A religious leader in a remote village in Kolda recruited three young brothers, only 7 and 8 years old, to go to urban Saint-Louis seemingly to learn the Quran. Many families in Senegal send their children to religious boarding schools, or daaras, in Saint-Louis, a dense city hundreds of miles away near the mouth of the Senegal River. Yet many hopeful religious students, or talibés, are forced instead into begging slavery. Rapid urbanization and crushing poverty have created a sad situation for child traffickers to exploit. Local religious leaders are often unwitting accomplices, recuriting children under the guise of holy instruction, but instead sending them to street begging gangs.
But this story has a happy ending. Our front-line partner ENDA (Environment Development Action in the Third World) educates local communities on the risks and realities of children falling into begging slavery. The very day these brothers were scheduled to go to Saint-Louis coincided with an ENDA visit to their village. The team shared information about the “Protect Our Children”—Aar Sunu Xaleyi—project. The initiative increases community resistance to child slavery through awareness-raising and preventive and protective actions.
Slaves in Plain Sight
Modern slavery is often hidden—poverty and ignorance make forced labor bondage a secreted crime and an invisible tradegy. But on the crowded streets of Saint-Louis, child slaves are everywhere. Traffickers force talibés and children as young as 5 years old into treacherous urban areas to plead for food, money, and other necessities. As helpless beggars, they face physical and sexual abuse, exposure to illegal drugs, car accidents, and drowning, among many other dangers and forms of exploitation. Many children simply run away—lost to the streets, alone and defenseless.
Even in the daaras, talibés may face unsanitary, unsafe, and crowded conditions, frequent and severe corporal punishment, sexual abuse, and the trauma of family rupture. Many enter adulthood deprived of education and utterly unprepared for employment.
Innovative Approach Saves Brothers, Supports Freedom
Aar Sunu Xaleyi traces trafficked children back to their community of origin. This innovative method proved crucial in protecting the three brothers from enslavement. The ENDA team shared real-life data and examples with the marabout who had organized their travel about the number of children from their specific community who had traveled to different daraas in Saint-Louis—only to find themselves trapped in dangerous living conditions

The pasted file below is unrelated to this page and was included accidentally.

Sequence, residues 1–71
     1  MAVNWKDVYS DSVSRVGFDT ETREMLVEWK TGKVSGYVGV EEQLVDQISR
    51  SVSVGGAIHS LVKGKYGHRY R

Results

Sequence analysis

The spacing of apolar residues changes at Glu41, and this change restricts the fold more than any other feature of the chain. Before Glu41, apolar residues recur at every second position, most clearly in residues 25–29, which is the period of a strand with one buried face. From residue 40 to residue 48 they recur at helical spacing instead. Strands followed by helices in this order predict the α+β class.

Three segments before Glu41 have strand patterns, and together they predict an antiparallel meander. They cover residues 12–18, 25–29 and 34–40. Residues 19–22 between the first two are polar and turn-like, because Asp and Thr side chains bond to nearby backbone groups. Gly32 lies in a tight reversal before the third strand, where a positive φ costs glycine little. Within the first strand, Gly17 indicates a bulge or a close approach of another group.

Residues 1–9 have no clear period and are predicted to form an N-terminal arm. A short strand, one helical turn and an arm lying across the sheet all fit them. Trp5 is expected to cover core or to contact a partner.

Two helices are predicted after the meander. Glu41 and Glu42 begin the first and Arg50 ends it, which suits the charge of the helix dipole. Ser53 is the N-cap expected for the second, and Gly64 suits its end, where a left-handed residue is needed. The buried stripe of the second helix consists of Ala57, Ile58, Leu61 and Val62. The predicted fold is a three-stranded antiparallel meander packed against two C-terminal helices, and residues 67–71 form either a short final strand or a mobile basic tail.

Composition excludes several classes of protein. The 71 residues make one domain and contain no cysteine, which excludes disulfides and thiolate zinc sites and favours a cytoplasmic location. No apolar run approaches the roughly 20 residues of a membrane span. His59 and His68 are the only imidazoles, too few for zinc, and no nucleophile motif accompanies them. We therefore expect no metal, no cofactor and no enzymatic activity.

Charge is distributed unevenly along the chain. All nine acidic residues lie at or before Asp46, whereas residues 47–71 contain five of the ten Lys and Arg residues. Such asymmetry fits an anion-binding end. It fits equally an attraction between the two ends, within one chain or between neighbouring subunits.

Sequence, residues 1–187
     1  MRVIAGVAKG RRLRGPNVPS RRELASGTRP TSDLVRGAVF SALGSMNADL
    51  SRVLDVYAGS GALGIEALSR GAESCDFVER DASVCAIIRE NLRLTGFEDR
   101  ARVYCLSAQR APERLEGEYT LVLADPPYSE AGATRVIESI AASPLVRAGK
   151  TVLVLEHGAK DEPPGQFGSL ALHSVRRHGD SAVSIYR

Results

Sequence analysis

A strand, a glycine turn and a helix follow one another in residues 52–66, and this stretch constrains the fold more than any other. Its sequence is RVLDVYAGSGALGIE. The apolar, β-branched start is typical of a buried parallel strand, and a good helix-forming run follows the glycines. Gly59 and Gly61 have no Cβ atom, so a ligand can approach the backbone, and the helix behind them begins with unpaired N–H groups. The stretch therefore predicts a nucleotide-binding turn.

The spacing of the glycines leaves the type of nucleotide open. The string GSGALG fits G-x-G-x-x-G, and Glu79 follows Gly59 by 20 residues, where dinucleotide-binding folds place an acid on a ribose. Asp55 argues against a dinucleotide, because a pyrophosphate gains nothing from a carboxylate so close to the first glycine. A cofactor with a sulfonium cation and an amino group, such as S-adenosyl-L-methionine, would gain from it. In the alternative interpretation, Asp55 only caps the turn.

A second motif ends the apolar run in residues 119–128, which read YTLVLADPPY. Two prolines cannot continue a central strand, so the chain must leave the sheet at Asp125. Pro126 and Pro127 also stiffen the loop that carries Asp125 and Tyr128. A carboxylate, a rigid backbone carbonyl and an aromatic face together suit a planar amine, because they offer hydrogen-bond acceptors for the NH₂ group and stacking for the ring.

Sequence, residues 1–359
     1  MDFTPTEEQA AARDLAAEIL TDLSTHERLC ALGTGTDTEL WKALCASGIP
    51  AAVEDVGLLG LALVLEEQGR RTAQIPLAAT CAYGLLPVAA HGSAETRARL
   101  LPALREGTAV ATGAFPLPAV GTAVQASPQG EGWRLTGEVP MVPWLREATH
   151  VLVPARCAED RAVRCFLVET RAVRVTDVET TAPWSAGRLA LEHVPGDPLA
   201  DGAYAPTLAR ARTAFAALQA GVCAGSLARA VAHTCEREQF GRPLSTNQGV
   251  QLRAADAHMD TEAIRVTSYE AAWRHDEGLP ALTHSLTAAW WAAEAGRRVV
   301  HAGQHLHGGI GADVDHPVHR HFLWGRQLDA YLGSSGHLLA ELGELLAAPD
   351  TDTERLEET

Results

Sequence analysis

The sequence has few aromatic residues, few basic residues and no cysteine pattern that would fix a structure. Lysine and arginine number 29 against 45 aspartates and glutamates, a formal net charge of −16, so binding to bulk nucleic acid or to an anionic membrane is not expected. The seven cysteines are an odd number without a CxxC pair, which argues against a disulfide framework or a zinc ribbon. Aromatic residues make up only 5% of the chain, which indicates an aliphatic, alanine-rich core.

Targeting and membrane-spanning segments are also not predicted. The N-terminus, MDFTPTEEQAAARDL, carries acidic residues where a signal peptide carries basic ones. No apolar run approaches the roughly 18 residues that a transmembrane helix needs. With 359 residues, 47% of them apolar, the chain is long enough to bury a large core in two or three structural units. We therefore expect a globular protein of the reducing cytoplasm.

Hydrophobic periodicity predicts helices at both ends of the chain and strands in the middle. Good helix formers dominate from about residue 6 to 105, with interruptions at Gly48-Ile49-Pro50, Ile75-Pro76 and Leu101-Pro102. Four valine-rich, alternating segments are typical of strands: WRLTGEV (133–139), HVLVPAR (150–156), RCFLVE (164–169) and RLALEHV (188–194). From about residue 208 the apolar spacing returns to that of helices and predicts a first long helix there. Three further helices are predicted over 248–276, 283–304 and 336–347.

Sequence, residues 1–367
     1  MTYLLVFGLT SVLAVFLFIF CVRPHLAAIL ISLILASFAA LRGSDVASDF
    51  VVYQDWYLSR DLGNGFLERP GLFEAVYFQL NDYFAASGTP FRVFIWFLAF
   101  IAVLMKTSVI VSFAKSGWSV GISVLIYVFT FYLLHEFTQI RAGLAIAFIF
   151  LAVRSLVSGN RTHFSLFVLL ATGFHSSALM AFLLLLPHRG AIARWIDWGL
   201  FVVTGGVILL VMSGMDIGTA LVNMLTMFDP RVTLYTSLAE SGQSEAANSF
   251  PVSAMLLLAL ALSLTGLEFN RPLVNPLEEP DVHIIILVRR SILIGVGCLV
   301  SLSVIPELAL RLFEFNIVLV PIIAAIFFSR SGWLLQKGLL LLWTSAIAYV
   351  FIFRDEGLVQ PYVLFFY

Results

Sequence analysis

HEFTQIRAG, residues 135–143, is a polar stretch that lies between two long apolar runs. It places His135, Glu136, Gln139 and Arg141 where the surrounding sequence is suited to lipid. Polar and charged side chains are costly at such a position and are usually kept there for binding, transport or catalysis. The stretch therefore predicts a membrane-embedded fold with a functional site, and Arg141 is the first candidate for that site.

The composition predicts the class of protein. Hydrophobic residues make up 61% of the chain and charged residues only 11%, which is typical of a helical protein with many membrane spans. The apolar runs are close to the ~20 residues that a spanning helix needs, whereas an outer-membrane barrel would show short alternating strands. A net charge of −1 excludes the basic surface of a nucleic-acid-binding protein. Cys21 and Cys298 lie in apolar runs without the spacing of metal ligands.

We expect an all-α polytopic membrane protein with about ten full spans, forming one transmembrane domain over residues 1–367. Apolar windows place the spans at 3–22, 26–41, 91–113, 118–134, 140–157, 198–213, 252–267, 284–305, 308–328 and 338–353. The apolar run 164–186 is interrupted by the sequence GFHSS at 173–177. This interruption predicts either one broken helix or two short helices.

The marabout had a change of heart. He felt compelled to return the brothers to their village. The ENDA team also convinced the father of the three boys not to send them to Saint-Louis—he finally agreed to keep them with him in Kolda.
After further mediation and sensitization efforts, the marabout offered to join forces with local leaders to keep children close to home for religious instruction. By raising awareness on forced child begging, many children now stay with their families in Kolda and safely learn the Quran in local daaras.
The rescue of the three brothers shows villagers are receptive to our anti-trafficking message. Today the religious leader who once inadvertently abetted the trafficking of children into begging slavery welcomes and supports the “Protect the Children” project in his village. When communities are given the chance to unite and resist slavery, they do.
Our Model for Freedom
FTS is committed to freeing slaves, preventing enslavement, and telling survivor stories. We work to help communities build sustainable systems of freedom. Success stories like “Protect Our Children” prove our Community-based Model for Freedom works. Learn more about the Protect Our Children program on our Senegal webpage.
Editor’s note: This success story was reported by Fode Diop of ENDA in Senegal.